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With news that Sam Mendes is on board to direct Bond 24 (link), it's curious to note how many people are already declaring the as-yet unmade film will be brilliant or a disaster. It's a classic case of projecting one's best hopes or worst fears and becoming convinced one's thoughts are real. They're thoughts shaped out of acquired preferences, learned tendencies for either polarity or non-polarity response and generalizations about what names like 'Sam Mendes' equates to.

Here's the thing that interests me: it's a curious by-product of devotion.

SKYFALL and STAR TREK: INTO DARKNESS are two great examples of highly successful films which have attracted bitter criticism from a large number of franchise fans.

It takes devotion to get that upset by making the Enterprise eight times larger than it used to be. (By the way, it's not twice as big: it's twice as long; and twice as tall and twice as wide). It takes devotion to an expectation of who James Kirk is to get that upset by his new-found juvenility.

Here's my untested theory:

When a franchise has been going as long as James Bond, it will attract many fans who are devoted to a favourite film, a favourite actor, a favourite style or a favourite era. The greater the devotion, the more difficult it becomes to please. If you're utterly devoted to GOLDFINGER and the Sean Connery 007 films (as am I), Bond 24 faces the double bind that if it's too much like GOLDFINGER it'll be rip-off and a pastiche and they should have left the GOLDFINGER thing alone; and if it's nothing like GOLDFINGER, it'll just not be like the heyday of Bond films, i.e. GOLDFINGER.

I used to joke that the only people who thought SKYFALL was the best Bond film ever (we mustn't forget the comic book guy emphasis on the word 'ever') were those who also added, "and I'm not even a fan of James Bond films, normally".

I thought that last little bit of the declaration was the telling sign. I told myself it was the James Bond film for people who don't like James Bond films.

Of course, that was just me falling for the illusory reality of my thinking. See, we all do it.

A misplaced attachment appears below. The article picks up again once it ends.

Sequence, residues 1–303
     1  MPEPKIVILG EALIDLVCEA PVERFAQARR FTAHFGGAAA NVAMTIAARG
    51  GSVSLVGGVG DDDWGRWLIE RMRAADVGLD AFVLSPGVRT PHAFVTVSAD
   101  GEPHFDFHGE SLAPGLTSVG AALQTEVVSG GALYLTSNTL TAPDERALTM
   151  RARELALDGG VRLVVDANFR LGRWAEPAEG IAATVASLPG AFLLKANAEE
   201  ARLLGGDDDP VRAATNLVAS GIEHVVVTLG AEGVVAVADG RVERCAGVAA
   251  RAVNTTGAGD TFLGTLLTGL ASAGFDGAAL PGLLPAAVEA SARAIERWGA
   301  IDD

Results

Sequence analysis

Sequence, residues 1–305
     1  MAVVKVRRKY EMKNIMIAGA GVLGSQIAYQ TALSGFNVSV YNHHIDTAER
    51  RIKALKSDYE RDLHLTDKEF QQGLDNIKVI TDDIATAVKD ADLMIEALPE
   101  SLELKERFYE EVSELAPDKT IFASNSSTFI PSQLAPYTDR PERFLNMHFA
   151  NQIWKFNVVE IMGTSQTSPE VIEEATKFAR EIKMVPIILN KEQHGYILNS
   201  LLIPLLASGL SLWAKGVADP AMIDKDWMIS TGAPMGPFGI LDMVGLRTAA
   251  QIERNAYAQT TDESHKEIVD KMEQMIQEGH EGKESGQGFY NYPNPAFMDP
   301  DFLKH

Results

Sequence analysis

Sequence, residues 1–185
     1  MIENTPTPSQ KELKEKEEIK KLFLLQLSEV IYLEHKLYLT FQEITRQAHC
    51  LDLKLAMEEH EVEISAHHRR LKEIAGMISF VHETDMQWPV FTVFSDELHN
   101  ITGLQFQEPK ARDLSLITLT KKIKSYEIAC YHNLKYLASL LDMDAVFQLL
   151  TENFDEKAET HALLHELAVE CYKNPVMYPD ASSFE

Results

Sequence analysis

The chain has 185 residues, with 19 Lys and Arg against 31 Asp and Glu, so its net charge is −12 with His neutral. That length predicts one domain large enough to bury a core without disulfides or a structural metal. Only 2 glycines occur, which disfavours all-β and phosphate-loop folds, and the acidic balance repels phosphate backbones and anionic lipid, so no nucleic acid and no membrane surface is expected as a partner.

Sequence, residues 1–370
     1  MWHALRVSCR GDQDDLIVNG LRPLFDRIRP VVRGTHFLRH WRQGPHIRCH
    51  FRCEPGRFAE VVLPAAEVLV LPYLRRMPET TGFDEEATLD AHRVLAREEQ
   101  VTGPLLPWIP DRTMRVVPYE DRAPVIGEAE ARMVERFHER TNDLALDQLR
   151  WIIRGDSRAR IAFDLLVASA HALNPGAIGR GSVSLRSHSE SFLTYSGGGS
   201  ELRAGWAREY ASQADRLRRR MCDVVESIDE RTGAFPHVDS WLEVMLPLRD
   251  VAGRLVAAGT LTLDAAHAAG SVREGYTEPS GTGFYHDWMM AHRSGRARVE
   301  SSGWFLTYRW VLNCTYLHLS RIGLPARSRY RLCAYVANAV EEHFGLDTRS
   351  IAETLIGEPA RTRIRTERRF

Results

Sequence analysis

But here's the thing. History teaches us that it takes an outsider to re-invigorate a franchise and not get locked into the more-of-the-same thing that trapped directors like John Glen. It takes someone free of the past to create the future.

Prior to SKYFALL at least, there were a lot more people not yet converted to Bond than ones devoted. That's the bigger sea to go fish in. If James Bond is going to survive another fifty years, it has to keep fishing in new seas, not old ones. It has to convert new fans, not just entertain old ones, many of whom have become grumpy and impossible to please. Like a snake, it occassionally has to shed its skin to grow new skin.

It's the outsider directors who know how to fish in those new seas. Abrams may have alienated a proportion of devoted Trek fans but he's probably converted many more new ones. And it may be to his films, not the original series, that these new fans become most devoted. Mendes is seemingly achieving the same with 007.

I'm still devoted to the old Sean Connery films with classic John Barry scores. But, y'know, that time is past. Do we continue by pastiching that era? I might not be a great fan of 'new Bond'. SKYFALL didn't convert me. Bond 24 may or may not do so either. But I've got my Bond films to treasure.

It's no disrespect to the past to create a new future. And it doesn't help anyone when a franchise dies of entropy. That's why franchises like Bond and Trek need people like Mendes and Abrams, even if they're not creating their works for old school die-hards like me.

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Comments (13):Log in or register to post your own comments
What a great, reasonable, point of view you have!

Yavar

P.S. I enjoyed the last Trek film quite a lot (in large part because of Karl Urban as McCoy who was unexpectedly perfect) and had high hopes for the current one, but was one of the "old Trek fans" who was really pissed off how they did things.

Good insights; it's true that the longer a franchise goes, the more opinions there are about what the best and most "true" era was.

As a long-time Bond and Trek fan, I really enjoyed Skyfall (though I thought the third act went on way too long) but very much disliked Star Trek Into Darkness. Ironically, one of the problems I had with Into Darkness was that it actually made too many references to the older films and series (specifically Wrath of Khan) to the point where it was distracting. After the 2009 film, I was excited about the prospect of new stories and ideas, so I was disappointed that they chose to rehash a concept that had already been done so well, and then compound the problem by continually reminding us of how good the other movie was.

And it's true, as you said, that the filmmakers (and fans) end up getting trapped by their devotion to the "gold standard" of the franchise, such as Goldfinger or Wrath of Khan. Both of those are great films, but I'm actually a little tired of the blind reverence everyone has for them. They both have their flaws, and they are not the only times their respective franchises have been good.